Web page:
What I can say for sure is that the dearth of solid leadership and professional advice has led to widespread dissemination of absolute hooey,* from a whole world of self-important jackasses who presume to know something that no one else has figured out. Sometimes this stuff has a whiff of fact about it so A Credible Publication will run an article by Greg from Springfield, who took one chemistry class sophomore year before developing a productivity app to track the household staff of hedge fund managers, and now promises that the best way to protect family from COVID is to rub children in fish oil, stuff them into graphite suits and allow them to shoot neighbors with laser beams if they come within 50 feet of your lawn. And incidentally, “have you heard that the economy will only come back if you douse your investment portfolio with the Ibprofen-free blood of a sacrificial goat at the light of the first full moon of the next fiscal year? Because that’s what I learned playing Candy Crush with my coworker who has an aunt who knows a lady who was married to a dude that once sold live bait to Warren Buffett so I’m pretty sure he agrees with me. “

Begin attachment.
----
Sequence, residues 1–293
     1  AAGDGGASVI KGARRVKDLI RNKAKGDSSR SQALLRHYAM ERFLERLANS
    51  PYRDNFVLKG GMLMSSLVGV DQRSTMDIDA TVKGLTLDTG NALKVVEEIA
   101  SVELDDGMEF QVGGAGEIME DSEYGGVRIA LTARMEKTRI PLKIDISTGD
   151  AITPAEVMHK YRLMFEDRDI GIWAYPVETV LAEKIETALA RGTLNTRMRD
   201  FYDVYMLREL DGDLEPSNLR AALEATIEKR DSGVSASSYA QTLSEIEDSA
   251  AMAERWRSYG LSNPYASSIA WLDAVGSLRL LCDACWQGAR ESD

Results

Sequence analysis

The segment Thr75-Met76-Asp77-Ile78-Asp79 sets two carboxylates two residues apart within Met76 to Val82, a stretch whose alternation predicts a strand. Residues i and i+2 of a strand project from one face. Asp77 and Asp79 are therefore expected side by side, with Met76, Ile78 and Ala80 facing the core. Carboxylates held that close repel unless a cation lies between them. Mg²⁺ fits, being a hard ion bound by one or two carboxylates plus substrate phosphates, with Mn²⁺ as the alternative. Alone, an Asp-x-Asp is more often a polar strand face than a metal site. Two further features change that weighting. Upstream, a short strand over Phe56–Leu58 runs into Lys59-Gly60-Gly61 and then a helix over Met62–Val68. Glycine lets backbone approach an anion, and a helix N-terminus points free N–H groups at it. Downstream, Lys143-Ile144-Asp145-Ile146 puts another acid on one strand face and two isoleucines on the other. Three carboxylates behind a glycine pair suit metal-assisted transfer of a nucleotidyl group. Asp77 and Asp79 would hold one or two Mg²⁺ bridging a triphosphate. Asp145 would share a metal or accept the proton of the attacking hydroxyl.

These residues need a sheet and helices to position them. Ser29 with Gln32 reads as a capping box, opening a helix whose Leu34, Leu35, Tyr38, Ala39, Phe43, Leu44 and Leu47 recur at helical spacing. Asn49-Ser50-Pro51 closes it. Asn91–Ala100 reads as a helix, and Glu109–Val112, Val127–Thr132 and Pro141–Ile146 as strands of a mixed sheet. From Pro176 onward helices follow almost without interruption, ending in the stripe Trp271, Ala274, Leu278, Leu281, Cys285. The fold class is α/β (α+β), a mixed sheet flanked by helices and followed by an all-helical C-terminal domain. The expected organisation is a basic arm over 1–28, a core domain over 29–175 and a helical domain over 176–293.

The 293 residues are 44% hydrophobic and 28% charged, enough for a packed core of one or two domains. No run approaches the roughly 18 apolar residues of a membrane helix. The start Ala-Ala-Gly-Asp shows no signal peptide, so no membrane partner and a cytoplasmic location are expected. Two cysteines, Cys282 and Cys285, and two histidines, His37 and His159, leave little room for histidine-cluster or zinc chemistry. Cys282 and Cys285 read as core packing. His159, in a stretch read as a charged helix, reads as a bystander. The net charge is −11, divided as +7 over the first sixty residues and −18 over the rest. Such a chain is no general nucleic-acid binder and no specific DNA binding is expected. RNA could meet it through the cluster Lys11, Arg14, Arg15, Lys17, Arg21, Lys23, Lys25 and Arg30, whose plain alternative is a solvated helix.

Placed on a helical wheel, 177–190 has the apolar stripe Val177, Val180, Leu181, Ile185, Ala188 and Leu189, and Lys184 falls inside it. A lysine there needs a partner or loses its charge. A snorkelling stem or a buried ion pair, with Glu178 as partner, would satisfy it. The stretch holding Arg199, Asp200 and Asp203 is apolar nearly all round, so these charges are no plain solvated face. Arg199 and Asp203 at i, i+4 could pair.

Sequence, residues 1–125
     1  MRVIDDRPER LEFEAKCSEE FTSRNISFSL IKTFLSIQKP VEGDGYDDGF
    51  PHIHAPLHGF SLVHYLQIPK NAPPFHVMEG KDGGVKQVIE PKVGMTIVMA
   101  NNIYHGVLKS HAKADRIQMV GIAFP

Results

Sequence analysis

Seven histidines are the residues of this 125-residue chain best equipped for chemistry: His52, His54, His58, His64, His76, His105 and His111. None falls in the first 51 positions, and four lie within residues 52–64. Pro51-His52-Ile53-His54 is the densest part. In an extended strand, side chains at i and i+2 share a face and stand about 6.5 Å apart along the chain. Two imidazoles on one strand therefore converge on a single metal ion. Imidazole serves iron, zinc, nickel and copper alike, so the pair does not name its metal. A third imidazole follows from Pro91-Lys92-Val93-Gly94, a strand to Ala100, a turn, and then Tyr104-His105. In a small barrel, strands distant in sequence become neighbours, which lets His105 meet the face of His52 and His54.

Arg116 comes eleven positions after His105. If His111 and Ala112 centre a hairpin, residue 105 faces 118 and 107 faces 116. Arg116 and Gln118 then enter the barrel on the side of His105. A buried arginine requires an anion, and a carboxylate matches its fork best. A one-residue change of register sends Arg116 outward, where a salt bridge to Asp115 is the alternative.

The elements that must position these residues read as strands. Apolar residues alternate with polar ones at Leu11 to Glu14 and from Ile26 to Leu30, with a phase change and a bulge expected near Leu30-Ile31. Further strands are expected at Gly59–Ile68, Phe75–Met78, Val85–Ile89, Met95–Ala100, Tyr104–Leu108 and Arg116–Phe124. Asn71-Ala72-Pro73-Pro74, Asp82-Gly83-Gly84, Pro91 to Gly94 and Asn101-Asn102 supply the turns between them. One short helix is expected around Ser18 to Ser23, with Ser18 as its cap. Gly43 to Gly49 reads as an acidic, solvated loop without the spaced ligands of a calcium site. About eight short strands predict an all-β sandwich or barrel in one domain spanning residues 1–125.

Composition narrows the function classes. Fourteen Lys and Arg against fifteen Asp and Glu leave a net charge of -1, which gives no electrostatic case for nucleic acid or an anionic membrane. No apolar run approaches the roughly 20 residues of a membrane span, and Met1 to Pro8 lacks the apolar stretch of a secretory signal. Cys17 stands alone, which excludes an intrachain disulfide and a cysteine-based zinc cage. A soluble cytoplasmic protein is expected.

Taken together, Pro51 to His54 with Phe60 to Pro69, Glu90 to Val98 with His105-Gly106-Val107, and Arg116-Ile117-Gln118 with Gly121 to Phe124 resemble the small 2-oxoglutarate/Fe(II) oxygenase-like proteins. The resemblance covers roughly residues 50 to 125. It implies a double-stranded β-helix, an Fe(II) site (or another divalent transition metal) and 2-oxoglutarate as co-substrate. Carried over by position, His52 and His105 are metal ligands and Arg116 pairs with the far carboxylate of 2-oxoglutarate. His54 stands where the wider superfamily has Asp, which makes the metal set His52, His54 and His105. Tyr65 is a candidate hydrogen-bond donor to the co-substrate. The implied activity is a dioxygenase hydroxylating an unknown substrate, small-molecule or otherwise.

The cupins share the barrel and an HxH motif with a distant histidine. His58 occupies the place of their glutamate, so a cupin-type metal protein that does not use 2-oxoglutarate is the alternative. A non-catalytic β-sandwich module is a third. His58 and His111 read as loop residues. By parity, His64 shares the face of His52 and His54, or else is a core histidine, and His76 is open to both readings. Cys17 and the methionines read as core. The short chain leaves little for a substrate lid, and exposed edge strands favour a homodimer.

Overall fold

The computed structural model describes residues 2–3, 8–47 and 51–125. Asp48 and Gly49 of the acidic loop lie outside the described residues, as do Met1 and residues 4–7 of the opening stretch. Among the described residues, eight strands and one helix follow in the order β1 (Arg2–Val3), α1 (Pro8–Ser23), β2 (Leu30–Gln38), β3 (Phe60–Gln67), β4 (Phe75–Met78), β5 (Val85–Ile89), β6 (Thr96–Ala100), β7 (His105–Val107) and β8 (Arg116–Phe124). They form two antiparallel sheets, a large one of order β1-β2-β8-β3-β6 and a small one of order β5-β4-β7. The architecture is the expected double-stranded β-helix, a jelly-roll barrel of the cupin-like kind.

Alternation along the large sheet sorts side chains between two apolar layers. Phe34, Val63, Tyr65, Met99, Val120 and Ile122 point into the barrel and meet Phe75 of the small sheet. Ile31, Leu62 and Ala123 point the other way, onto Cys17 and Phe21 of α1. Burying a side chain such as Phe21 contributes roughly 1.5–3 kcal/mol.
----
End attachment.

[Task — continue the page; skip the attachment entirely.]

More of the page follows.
In the meantime, the public health organizations keep kind of sort of changing their minds about things–learning curve, right?—as they continue to refer to what all of us non-plague positive/non-medical staff are experiencing as “inconveniences.” Like, is every single person that works in the communications department** at the CDC a complete psychopath? Are they really so unimaginative to think that job loss, isolation, heartbreak, a widespread unfolding mental health crisis, and the fact that the worst people in the world are using quarantine as an excuse to power grab are somehow analogous to Starbucks messing up your Latte order or having to get up and go downstairs to reset your router if the internet goes out.